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National Patient Safety Agency

NPSA publishes guidance to reduce delays in provision of blood and blood components for transfusion in an emergency

2 November 2010

The National Patient Safety Agency (NPSA) has issued guidance for all NHS organisations across England and Wales aimed at reducing delays in the provision of blood and blood components to patients in an emergency situation.


This latest Rapid Response Report (RRR) from the NPSA has been produced following reports of 11 deaths and 83 incidents, between October 2006 and September 2010, where the patient suffered harm as a result of delays in the provision of blood.


The RRR asks NHS organisations to ensure that:


• local protocols detail the roles and actions of clinical teams, laboratory staff and support services to enable timely access to the blood / blood components

• blood transfusion laboratory staff are informed of patients with a massive  haemorrhage at the earliest opportunity so they can activate the emergency procedures that are necessary to deal with the provision of blood in the event of an emergency situation. It is recommended that a trigger phrase is used to activate these procedures

• clinical teams dealing with patients with a massive haemorrhage nominate a member of the team to act in a liaison role with the laboratory staff and support services to avoid the potential for miscommunication and repeated calls to the laboratory by different people

• all incidents where there are delays or problems in the provision of blood in an emergency are reported and investigated locally, and reported to the NPSA and the Serious Hazards of Transfusion (SHOT) scheme.


Michael Surkitt-Parr, Clinical Reviewer for Patient Safety, said: “The NPSA has worked closely with experts to identify clear actions to support effective communication between the relevant staff and teams involved in treating a patient suffering a major haemorrhage.”


Dr Clare Taylor, Medical Director of SHOT said: "Blood transfusion saves lives. When a patient suffers from rapid major blood loss a number of different staff groups are critical to the outcome of management of the haemorrhage.  Consultants, junior doctors, biomedical scientists, nurses and porters must all be aware of the key decisions and actions required of them and effective communication and collaborative working between these staff is crucial.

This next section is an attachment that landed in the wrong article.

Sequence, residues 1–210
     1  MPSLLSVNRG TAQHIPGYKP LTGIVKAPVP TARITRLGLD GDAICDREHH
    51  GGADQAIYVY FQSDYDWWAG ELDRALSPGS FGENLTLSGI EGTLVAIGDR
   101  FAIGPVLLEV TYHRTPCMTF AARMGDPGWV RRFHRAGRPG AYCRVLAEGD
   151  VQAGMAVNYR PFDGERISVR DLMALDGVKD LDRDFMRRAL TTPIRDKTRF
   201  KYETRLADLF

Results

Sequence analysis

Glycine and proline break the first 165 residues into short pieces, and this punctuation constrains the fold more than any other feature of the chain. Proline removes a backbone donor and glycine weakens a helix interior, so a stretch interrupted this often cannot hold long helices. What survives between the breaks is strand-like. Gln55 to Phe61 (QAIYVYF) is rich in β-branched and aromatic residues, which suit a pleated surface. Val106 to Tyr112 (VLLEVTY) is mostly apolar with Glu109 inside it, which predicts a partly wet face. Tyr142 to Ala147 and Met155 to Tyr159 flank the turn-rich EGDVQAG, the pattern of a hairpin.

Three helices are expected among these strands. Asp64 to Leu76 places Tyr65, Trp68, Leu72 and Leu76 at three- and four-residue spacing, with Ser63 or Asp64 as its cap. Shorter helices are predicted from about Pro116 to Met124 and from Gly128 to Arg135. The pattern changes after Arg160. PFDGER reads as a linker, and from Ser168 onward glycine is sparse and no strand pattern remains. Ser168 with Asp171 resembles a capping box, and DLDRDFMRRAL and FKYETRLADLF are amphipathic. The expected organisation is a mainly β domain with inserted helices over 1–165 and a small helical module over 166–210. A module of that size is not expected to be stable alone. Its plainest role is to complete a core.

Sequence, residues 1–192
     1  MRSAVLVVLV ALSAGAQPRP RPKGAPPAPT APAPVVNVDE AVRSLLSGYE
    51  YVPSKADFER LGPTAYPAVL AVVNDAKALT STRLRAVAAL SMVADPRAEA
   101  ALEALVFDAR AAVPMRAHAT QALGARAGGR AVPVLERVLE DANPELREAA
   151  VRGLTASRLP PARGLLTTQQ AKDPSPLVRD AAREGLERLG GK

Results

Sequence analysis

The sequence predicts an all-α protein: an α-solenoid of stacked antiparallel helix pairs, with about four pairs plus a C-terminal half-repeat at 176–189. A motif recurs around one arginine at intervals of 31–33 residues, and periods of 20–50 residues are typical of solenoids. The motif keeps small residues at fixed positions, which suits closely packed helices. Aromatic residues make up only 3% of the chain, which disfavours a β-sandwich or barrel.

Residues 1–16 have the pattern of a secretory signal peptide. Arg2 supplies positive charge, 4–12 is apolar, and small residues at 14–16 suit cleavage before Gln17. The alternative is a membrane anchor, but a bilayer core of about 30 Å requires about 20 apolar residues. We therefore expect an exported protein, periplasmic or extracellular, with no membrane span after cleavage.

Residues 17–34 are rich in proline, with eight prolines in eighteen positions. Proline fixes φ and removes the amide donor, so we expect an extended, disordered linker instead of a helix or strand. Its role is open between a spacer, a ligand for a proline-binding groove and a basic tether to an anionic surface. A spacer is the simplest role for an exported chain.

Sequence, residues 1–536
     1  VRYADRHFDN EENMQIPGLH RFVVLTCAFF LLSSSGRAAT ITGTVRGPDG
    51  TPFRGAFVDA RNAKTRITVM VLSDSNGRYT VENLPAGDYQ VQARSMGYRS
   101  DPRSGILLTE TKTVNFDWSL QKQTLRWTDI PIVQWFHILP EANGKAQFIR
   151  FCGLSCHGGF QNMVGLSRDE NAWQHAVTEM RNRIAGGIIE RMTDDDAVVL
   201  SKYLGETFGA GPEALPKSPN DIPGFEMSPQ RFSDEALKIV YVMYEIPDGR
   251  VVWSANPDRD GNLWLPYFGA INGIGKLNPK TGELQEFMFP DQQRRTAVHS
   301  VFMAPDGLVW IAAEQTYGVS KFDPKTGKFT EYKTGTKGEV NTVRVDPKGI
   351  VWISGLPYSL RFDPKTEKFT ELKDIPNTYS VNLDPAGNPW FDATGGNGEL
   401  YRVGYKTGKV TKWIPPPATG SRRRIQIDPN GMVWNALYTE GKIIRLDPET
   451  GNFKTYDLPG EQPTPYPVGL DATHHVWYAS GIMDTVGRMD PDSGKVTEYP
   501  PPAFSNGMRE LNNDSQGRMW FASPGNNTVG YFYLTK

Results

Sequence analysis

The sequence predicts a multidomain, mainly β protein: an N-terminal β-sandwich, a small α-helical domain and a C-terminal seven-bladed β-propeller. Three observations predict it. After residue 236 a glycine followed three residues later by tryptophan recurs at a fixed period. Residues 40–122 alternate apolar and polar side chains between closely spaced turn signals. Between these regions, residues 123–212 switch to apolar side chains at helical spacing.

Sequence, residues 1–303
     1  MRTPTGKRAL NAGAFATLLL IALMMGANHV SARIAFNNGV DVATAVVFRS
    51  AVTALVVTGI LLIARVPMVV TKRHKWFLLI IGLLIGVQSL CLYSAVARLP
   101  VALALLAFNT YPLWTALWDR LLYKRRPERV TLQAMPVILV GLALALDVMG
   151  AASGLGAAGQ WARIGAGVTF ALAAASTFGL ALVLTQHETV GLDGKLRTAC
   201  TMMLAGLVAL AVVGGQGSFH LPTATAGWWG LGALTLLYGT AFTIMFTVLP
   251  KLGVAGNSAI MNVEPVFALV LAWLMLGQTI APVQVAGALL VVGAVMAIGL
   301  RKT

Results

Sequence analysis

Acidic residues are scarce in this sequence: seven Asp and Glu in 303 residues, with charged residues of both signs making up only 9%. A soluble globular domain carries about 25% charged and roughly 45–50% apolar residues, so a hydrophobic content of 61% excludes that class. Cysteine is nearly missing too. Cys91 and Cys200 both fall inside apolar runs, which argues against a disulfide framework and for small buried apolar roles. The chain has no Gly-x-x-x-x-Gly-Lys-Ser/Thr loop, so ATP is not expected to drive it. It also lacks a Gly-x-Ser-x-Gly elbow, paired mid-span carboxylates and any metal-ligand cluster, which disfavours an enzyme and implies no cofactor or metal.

"We have worked closely with the NPSA to develop this Rapid Response Report which urges organisations to review their systems and practices to ensure communication and teamwork during these emergency situations are effective and enable the rapid provision of blood components.”

For a copy of this latest RRR, please visit http://www.nrls.npsa.nhs.uk/resources/type/alerts/?entryid45=83659



Notes to editors


1. Media enquiries to the NPSA Press Office:


Dominic Stevenson – 020 7927 9351 / dominic.stevenson@npsa.nhs.uk


Out of hours – 0788 411 5956


2. Following the publication of the Arms Length Body Review on 26 July 2010, the NPSA has stressed the importance for all NHS organisations across England and Wales to continue reporting patient safety incidents through the National Reporting and Learning System. This is so that trends in safety incidents can be identified and acted upon as early as possible.  This aspect of our work will continue within the new proposed structure of the NHS Commissioning Board and we will continue to work together in partnership with NHS organisations to make services even safer for patients.  We will continue to monitor the implementation of all patient safety alerts and guidance.